I agree with you about the gaps in copperclad, but I offered to build one turnout just for the experience of building one. One thing I have done is to gap the sleepers before I start soldering, and then fill the gaps with filler and sand it flat, as its so much easier to do this without any rails in the way. You can also test the work whilst building it under power
I also sometimes use the odd copperclad timber in a chaired turnout, using a packing piece of 0.6 mm double sided copperclad strip (this insulates the rail from the timber providing cast chairs are not used) as a riser
Thanks for the album, certainly a very realistic and impressive bit of building
As for the use of these parts, the jury is out as far as I am concerned. Plastic chairs I think look better, but that's my own view.
John
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16th message | this message only posted: 18 Jun 2016 12:34
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from:
Ariels Girdle
 

 

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We should remember that the Masokits etch system is very old now. At the time it was introduced many people were soldering rail direct to sleepers or using rivets in wooden sleepers, with just a blob of solder to represent the chairs.
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17th message | this message only posted: 18 Jun 2016 13:21
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from:
Hayfield
United Kingdom

 

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Ariels Girdle wrote: We should remember that the Masokits etch system is very old now. At the time it was introduced many people were soldering rail direct to sleepers or using rivets in wooden sleepers, with just a blob of solder to represent the chairs.
Thanks for that, but I remember buying C&L chairs 30+ years ago, the copyright on the 2 bolt etches are 1999, though they may well have been earlier examples of the etches.
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18th message | this message only posted: 25 Feb 2018 21:10
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from:
davelong
 

 

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Just to drag this out of the depths of the forum, any idea if is there enough on 2 turnout frets to build 3 A5-A5.5 turnouts? Plus is there a tiebar etch on the frets?

Many thanks.
Dave
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19th message | this message only posted: 26 Feb 2018 09:37
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from:
Stephen Freeman
Sandbach, United Kingdom



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Tiebar/stretcher bars yes but not sure how many - probably 2 per fret but no copperclad. I think there were enough slide chairs etc on one fret to build 2 turnouts so yes again (probably).
davelong wrote: Just to drag this out of the depths of the forum, any idea if is there enough on 2 turnout frets to build 3 A5-A5.5 turnouts? Plus is there a tiebar etch on the frets?

Many thanks.
Dave


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20th message | this message only posted: 26 Feb 2018 09:38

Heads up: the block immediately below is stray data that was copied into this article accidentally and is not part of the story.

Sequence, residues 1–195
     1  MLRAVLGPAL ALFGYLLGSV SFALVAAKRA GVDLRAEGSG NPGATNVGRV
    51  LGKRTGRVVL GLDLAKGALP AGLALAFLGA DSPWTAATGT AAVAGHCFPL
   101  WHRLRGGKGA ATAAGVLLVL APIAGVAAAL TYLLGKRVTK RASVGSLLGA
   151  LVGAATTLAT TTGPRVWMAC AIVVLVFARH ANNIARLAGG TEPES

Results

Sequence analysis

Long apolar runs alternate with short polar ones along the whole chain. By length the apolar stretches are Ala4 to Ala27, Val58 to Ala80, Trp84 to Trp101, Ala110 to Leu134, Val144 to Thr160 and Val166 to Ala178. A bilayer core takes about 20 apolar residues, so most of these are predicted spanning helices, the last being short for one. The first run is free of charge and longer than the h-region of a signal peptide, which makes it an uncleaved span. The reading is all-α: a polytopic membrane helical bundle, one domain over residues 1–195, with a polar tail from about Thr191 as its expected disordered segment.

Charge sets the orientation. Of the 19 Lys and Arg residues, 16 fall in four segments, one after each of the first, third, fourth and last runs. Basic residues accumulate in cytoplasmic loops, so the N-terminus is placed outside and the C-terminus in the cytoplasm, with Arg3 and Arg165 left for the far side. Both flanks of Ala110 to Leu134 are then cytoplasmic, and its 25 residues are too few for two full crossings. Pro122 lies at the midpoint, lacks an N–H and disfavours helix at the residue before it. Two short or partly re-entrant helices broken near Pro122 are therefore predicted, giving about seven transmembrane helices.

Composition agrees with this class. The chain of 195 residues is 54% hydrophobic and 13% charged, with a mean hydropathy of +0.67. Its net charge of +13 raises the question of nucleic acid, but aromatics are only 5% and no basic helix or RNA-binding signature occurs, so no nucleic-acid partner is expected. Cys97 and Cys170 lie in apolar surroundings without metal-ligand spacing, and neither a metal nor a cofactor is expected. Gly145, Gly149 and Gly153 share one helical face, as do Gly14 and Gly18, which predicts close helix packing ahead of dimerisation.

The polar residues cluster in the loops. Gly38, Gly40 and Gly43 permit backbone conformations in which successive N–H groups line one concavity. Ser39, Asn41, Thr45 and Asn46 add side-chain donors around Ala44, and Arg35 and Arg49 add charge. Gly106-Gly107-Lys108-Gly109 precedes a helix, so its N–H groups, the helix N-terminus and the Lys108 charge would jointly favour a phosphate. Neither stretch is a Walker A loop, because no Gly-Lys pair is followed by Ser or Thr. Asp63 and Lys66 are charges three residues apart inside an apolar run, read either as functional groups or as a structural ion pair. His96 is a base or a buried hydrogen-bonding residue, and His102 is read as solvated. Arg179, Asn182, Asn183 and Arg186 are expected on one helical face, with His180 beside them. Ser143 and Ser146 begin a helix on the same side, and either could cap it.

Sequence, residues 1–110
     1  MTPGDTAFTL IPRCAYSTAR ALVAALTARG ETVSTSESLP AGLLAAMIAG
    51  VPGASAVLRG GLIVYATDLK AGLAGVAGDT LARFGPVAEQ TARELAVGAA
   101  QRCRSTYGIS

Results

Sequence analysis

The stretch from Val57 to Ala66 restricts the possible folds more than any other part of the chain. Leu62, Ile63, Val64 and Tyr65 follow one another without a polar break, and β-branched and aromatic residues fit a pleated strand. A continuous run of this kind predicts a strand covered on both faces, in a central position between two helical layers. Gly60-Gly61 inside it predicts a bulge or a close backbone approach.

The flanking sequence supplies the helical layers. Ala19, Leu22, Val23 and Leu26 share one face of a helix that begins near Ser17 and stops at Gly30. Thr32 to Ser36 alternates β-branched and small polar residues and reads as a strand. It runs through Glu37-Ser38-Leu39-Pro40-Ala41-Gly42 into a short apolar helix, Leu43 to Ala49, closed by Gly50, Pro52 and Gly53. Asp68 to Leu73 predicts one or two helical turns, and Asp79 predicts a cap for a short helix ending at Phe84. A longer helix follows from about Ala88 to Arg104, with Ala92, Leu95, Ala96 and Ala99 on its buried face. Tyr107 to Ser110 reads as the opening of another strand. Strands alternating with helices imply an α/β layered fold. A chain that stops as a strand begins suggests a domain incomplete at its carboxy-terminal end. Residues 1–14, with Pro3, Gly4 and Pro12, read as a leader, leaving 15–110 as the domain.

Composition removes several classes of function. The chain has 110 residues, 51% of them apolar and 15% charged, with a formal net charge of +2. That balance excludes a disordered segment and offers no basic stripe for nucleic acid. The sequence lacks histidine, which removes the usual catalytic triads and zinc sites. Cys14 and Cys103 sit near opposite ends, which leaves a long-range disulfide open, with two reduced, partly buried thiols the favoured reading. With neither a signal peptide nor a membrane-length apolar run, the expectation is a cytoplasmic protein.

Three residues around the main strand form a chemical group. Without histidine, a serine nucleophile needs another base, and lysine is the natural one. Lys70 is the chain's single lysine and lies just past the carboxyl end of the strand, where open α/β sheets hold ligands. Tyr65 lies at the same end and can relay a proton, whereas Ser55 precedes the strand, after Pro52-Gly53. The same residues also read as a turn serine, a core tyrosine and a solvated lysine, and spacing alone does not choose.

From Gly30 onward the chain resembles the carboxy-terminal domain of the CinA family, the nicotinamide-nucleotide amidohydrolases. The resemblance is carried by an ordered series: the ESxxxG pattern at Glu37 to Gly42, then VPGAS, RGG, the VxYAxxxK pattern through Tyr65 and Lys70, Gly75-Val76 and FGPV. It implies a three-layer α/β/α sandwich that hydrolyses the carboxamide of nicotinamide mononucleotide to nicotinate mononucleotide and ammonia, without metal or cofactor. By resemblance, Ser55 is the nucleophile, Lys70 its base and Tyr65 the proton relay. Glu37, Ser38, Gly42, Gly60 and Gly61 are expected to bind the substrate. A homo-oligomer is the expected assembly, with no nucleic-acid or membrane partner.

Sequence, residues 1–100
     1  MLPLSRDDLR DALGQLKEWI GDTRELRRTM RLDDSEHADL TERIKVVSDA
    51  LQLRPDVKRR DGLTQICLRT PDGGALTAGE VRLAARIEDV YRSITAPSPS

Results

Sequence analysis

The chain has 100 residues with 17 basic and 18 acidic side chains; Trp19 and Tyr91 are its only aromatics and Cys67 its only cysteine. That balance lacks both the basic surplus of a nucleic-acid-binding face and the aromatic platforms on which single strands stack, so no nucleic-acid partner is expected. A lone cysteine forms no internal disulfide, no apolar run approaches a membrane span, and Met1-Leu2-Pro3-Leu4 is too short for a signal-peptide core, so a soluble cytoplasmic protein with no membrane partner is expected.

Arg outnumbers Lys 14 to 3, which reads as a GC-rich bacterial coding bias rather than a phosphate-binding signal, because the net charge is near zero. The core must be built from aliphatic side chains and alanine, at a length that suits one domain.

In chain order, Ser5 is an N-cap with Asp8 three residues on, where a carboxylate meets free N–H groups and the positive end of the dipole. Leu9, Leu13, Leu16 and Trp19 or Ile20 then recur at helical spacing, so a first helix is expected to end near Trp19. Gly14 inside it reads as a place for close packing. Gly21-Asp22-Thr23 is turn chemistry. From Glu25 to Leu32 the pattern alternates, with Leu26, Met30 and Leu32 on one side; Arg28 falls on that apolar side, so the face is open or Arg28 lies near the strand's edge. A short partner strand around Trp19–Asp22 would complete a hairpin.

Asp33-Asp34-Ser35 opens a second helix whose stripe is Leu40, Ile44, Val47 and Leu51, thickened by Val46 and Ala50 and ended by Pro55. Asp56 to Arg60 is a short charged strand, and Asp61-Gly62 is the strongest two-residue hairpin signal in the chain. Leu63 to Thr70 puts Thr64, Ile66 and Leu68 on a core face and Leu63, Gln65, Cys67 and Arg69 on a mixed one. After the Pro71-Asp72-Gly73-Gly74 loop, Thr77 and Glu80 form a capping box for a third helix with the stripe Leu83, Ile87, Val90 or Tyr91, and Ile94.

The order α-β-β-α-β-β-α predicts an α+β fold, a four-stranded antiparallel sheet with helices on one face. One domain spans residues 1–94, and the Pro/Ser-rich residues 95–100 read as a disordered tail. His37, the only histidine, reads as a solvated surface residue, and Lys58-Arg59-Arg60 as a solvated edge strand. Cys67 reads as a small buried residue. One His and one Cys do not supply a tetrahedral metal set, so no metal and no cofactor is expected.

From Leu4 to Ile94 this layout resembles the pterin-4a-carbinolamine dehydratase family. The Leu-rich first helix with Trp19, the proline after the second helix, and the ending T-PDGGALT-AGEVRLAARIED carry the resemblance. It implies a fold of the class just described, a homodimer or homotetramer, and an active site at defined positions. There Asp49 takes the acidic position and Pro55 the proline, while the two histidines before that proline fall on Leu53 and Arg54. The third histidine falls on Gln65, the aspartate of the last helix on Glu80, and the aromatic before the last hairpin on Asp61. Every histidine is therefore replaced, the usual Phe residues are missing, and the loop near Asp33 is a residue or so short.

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Paul Boyd
Loughborough, United Kingdom

 

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Hi Dave
I can’t remember after all this time exactly what you get in terms of how many turnouts you can get, but I worked on one fret per turnout. I found this picture on RMWeb which may help.



Cheers,
Paul

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21st message | this message only posted: 26 Feb 2018 13:41
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from:
davelong
 

 

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Thanks guys.
Certainly looks enough for 3 A5's from 2 frets. Plus I could always improvise from a set of plain track etches, but I'm pretty certain there's enough there.

Dave
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22nd message | this message only posted: 21 Mar 2018 14:35
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from:
davelong
 

 

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Hi guys.
I've started building a 3 turnout formation with these. Am I to presume the Extended chairs are to represent block chairs and the narrow chairs to represent Bridge chairs. I'm also presuming that the keyed extended chairs are normal keyed running chairs as no extended chairs appear in the fret diagram and to use standard chairs with the filler pieces in the gap to represent the block. 
So I'd need 6 slide chairs then 4 block chairs and then 2 narrow chairs for a B5.25 


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23rd message | this message only posted: 21 Mar 2018 14:58
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from:
Hayfield
United Kingdom

 

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Good luck as I found the design and etching an absolute stunning bit of engineering, but a real headache in building, Each to their own and if not under any time pressures something to enjoy picking up and doing a bit at a time, as could be very therapeutic to wind down from a hectic days work
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from:
Martin Wynne
West Of The Severn, United Kingdom



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davelong wrote:... for a B5.25Hi Dave,